INFORMATION TECHNOLOGY

Break through the challenge and achieve automated and accurate measurement of neurons


The human brain is a complex network of tens of billions of neurons connected. The development, benchmarking and accuracy measurement of large-scale neuronal morphological reconstruction algorithms are of great significance for understanding the development and function of the brain and the diagnosis and treatment of neurological diseases.

Recently, the Institute of Brain Science and Intelligent Technology of Southeast University has joined hands with a number of domestic and foreign teams to make important research progress in the benchmarking and performance prediction of automatic neuron tracking algorithms, and the relevant results have been published in the top international methodology journal “Nature – Methods”.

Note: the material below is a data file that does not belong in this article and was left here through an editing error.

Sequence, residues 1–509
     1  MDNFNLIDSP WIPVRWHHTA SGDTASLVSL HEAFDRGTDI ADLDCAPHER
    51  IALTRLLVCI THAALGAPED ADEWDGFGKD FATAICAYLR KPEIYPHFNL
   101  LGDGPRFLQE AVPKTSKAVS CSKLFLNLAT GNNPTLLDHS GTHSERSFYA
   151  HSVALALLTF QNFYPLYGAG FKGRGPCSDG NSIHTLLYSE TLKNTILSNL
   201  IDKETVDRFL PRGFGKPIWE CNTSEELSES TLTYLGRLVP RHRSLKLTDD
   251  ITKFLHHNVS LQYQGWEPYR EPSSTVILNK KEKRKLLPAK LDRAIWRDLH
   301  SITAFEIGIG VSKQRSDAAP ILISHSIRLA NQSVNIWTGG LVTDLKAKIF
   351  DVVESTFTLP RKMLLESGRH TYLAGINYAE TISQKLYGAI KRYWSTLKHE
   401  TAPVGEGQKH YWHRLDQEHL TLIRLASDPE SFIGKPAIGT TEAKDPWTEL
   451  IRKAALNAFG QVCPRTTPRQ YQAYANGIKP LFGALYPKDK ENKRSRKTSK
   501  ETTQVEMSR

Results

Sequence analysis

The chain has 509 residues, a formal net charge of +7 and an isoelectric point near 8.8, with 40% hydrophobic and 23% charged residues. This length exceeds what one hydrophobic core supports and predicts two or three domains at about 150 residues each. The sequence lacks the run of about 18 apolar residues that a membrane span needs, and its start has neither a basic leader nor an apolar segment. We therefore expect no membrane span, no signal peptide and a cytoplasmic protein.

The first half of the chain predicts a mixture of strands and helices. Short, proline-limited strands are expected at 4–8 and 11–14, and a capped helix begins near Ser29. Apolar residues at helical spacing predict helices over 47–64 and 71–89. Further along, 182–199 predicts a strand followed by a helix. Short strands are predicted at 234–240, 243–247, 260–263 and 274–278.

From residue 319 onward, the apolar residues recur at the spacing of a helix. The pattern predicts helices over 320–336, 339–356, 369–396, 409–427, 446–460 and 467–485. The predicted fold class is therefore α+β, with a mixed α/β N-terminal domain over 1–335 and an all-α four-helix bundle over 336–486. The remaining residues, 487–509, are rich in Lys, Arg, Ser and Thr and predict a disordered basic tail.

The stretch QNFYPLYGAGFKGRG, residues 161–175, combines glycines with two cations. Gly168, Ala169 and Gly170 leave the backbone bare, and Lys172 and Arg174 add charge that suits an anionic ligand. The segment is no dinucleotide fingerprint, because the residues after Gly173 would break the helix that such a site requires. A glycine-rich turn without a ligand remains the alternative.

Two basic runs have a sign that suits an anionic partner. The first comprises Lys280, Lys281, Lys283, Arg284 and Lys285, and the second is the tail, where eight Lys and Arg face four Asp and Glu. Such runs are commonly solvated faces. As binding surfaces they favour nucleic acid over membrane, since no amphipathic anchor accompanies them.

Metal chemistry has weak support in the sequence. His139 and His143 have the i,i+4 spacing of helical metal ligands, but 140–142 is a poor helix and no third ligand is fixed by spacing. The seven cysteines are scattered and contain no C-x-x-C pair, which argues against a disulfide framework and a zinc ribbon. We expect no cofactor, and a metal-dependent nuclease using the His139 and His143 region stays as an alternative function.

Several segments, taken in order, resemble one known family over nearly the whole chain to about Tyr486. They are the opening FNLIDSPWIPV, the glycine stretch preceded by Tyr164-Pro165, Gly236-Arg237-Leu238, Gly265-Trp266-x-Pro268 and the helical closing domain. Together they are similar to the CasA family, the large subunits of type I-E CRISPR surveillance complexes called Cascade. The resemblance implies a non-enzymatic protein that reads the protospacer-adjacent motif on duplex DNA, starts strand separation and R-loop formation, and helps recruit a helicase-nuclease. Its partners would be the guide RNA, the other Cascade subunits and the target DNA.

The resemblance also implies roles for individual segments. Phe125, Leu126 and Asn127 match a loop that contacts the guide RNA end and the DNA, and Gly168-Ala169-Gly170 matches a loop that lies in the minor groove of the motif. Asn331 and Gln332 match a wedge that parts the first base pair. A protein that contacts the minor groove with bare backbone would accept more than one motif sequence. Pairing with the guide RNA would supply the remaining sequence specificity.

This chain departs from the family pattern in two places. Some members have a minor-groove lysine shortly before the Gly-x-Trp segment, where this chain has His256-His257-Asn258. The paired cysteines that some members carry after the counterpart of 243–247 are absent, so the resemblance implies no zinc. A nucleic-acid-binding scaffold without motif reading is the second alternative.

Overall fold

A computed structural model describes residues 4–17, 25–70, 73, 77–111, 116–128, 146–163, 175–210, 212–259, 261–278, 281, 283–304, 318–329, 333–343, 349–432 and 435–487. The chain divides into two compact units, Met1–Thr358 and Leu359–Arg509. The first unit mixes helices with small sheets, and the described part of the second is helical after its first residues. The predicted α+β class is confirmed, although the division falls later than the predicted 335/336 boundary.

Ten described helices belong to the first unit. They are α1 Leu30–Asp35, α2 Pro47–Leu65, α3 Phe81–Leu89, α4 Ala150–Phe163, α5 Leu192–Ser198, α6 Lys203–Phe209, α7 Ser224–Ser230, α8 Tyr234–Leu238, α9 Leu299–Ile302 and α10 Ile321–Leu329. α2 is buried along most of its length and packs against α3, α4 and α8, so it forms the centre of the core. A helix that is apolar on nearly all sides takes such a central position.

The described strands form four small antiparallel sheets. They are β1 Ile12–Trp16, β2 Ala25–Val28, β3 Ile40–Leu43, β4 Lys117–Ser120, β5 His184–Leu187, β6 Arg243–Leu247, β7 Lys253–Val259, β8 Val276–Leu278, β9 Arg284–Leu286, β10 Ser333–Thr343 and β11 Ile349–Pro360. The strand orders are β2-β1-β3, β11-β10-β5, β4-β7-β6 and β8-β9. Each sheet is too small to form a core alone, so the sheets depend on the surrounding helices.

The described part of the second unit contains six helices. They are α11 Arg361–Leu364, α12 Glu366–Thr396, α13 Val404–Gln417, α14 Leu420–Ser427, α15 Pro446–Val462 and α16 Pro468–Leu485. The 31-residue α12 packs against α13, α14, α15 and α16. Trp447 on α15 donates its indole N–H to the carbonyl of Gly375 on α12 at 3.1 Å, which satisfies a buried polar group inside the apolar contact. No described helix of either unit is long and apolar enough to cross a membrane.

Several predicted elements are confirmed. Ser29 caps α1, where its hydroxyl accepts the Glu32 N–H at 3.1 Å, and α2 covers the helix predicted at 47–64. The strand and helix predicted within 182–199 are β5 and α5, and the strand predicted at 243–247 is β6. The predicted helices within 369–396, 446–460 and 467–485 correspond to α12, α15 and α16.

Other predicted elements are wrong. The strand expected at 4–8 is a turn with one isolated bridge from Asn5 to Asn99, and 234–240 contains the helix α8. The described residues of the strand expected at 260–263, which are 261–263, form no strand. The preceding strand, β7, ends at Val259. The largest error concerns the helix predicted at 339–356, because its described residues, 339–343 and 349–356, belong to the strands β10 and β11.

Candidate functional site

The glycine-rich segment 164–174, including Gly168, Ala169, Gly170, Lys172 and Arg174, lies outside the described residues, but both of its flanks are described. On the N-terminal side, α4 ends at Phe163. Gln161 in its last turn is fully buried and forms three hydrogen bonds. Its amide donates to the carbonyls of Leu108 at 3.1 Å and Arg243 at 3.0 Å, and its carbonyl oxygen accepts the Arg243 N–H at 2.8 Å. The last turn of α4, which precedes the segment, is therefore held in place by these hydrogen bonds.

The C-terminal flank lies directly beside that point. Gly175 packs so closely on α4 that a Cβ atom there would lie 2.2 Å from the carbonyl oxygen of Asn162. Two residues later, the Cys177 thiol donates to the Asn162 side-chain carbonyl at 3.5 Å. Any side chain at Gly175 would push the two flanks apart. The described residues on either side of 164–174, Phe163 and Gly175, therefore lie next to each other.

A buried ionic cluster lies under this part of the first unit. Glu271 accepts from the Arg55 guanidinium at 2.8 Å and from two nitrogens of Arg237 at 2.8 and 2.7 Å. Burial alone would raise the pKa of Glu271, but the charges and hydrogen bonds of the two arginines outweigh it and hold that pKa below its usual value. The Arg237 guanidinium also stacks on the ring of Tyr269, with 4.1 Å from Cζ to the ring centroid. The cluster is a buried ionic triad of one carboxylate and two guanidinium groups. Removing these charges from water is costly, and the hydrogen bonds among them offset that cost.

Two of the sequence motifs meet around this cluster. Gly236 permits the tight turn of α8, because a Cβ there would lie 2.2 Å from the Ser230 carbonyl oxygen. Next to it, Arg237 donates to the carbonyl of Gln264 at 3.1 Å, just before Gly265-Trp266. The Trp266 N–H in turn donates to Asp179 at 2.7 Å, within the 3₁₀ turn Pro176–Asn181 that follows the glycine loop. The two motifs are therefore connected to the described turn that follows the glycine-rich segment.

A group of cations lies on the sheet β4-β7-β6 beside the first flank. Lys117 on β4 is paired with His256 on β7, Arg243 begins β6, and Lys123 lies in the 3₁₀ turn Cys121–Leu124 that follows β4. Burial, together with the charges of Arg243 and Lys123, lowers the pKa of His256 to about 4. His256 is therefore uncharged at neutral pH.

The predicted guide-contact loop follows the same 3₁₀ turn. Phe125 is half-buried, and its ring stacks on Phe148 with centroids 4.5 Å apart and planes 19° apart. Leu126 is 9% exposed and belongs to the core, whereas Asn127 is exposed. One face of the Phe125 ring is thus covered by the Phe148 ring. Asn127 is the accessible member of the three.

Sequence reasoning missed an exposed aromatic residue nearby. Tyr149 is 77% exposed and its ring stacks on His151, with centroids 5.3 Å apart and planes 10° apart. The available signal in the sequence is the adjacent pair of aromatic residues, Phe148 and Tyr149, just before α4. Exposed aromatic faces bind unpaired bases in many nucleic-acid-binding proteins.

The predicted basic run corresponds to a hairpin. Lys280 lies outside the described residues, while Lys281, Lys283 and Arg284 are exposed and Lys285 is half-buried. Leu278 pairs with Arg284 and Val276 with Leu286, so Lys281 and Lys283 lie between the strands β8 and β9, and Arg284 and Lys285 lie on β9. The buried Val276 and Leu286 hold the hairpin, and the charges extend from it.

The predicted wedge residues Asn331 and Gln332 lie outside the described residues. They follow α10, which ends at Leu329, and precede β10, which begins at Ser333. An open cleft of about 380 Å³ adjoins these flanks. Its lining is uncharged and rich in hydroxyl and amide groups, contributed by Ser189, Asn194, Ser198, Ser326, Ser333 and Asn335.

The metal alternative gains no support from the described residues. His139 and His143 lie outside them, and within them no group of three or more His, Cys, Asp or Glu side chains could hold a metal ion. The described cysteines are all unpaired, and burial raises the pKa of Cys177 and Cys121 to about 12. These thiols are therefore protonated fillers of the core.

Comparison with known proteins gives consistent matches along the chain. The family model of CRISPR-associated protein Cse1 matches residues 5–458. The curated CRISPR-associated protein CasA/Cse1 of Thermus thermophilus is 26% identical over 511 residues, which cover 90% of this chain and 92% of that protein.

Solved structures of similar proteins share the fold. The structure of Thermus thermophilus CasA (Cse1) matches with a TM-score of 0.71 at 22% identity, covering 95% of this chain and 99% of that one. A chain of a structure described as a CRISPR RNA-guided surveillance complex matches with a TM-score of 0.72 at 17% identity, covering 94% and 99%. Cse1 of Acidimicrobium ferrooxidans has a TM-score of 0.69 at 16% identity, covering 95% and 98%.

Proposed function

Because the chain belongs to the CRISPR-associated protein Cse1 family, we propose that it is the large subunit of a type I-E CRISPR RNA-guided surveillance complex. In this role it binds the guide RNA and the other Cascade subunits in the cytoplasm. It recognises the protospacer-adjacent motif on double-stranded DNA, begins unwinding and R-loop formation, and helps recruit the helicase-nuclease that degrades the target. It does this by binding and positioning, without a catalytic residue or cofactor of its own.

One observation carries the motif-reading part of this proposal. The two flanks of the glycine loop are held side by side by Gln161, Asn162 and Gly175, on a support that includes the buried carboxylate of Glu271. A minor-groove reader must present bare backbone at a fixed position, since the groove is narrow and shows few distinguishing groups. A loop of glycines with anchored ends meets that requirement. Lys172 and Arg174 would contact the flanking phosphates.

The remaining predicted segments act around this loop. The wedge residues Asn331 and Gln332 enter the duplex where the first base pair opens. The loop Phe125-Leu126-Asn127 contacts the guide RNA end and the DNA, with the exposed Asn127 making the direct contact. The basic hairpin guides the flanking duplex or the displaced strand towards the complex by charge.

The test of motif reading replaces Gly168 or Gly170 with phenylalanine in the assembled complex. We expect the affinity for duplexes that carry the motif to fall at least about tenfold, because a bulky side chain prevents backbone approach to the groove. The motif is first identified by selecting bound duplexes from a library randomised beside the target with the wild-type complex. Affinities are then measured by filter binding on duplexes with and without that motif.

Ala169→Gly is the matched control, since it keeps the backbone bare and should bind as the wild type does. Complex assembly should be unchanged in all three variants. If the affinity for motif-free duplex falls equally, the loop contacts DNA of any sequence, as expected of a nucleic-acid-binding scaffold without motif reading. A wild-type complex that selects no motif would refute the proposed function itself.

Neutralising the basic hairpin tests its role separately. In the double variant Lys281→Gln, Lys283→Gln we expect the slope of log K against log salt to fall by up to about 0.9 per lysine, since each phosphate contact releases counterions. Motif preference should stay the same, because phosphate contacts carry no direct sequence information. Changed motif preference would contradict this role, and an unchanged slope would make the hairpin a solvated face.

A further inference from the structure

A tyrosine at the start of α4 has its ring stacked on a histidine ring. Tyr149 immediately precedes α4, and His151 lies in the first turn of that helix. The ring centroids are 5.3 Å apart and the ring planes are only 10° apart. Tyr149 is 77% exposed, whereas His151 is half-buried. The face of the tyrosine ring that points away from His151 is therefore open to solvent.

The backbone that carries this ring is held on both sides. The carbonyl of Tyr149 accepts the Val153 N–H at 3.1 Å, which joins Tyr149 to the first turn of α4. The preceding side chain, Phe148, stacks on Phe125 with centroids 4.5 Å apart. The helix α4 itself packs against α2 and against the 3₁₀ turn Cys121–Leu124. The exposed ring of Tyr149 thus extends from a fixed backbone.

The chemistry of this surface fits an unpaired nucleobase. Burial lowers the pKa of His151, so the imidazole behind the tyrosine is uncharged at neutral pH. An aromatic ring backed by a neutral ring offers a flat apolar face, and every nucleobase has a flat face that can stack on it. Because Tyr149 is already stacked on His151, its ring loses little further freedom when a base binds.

A huge challenge

The brain is a very important organ, containing 86 billion neurons, and it is these neurons that function like a sea of stars.

“To gain insight into the function and principles of the brain, we need to first understand the morphology of neurons. However, obtaining the complete morphology of neurons is very difficult because it requires a lot of time and labor to manually annotate. One possible approach is to use automated algorithms for neuronal morphological reconstruction, but there is currently a lack of standard datasets and accuracy evaluation methods. Liu Yufeng, a co-author of the paper and a doctor of Southeast University, said in an interview with China Science News.

The structure of neurons is very tiny, usually on a submicron scale, while mammalian neurons often span hundreds of millimeters or even centimeters. Therefore, to rebuild a complete neuron, it is necessary to have large-scale and high-resolution data, which leads to a very large amount of data. Even for mouse brains, about 50 terabytes of data need to be processed, which is a huge challenge for the algorithm.